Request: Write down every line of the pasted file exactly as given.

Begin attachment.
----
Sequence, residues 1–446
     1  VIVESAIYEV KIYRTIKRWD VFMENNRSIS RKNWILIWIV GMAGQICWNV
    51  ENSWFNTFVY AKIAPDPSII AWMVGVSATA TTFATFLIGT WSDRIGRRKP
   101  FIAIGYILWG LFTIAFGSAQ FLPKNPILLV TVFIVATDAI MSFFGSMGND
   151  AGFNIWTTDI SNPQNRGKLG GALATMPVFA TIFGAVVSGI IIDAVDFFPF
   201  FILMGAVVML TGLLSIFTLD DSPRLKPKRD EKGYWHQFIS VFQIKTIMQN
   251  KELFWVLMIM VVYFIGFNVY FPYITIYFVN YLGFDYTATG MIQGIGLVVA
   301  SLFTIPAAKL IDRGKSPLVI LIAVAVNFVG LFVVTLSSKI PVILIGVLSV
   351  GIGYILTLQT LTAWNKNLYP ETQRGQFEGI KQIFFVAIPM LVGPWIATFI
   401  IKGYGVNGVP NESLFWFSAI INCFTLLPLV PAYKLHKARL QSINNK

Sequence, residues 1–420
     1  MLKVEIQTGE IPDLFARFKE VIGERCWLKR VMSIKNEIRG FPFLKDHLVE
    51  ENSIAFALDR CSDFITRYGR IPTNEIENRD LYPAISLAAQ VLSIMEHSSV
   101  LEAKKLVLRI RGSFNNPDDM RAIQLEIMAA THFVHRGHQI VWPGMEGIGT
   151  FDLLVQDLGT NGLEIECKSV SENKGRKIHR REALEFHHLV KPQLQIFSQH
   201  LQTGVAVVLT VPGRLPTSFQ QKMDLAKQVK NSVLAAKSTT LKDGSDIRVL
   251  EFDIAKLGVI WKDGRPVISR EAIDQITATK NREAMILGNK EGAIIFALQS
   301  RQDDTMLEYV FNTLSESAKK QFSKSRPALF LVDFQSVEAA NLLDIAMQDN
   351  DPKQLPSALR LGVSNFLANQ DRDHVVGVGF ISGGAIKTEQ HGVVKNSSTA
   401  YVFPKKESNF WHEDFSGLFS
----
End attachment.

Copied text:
Sequence, residues 1–446
     1  VIVESAIYEV KIYRTIKRWD VFMENNRSIS RKNWILIWIV GMAGQICWNV
    51  ENSWFNTFVY AKIAPDPSII AWMVGVSATA TTFATFLIGT WSDRIGRRKP
   101  FIAIGYILWG LFTIAFGSAQ FLPKNPILLV TVFIVATDAI MSFFGSMGND
   151  AGFNIWTTDI SNPQNRGKLG GALATMPVFA TIFGAVVSGI IIDAVDFFPF
   201  FILMGAVVML TGLLSIFTLD DSPRLKPKRD EKGYWHQFIS VFQIKTIMQN
   251  KELFWVLMIM VVYFIGFNVY FPYITIYFVN YLGFDYTATG MIQGIGLVVA
   301  SLFTIPAAKL IDRGKSPLVI LIAVAVNFVG LFVVTLSSKI PVILIGVLSV
   351  GIGYILTLQT LTAWNKNLYP ETQRGQFEGI KQIFFVAIPM LVGPWIATFI
   401  IKGYGVNGVP NESLFWFSAI INCFTLLPLV PAYKLHKARL QSINNK

Sequence, residues 1–420
     1  MLKVEIQTGE IPDLFARFKE VIGERCWLKR VMSIKNEIRG FPFLKDHLVE
    51  ENSIAFALDR CSDFITRYGR IPTNEIENRD LYPAISLAAQ VLSIMEHSSV
   101  LEAKKLVLRI RGSFNNPDDM RAIQLEIMAA THFVHRGHQI VWPGMEGIGT
   151  FDLLVQDLGT NGLEIECKSV SENKGRKIHR REALEFHHLV KPQLQIFSQH
   201  LQTGVAVVLT VPGRLPTSFQ QKMDLAKQVK NSVLAAKSTT LKDGSDIRVL
   251  EFDIAKLGVI WKDGRPVISR EAIDQITATK NREAMILGNK EGAIIFALQS
   301  RQDDTMLEYV FNTLSESAKK QFSKSRPALF LVDFQSVEAA NLLDIAMQDN
   351  DPKQLPSALR LGVSNFLANQ DRDHVVGVGF ISGGAIKTEQ HGVVKNSSTA
   401  YVFPKKESNF WHEDFSGLFS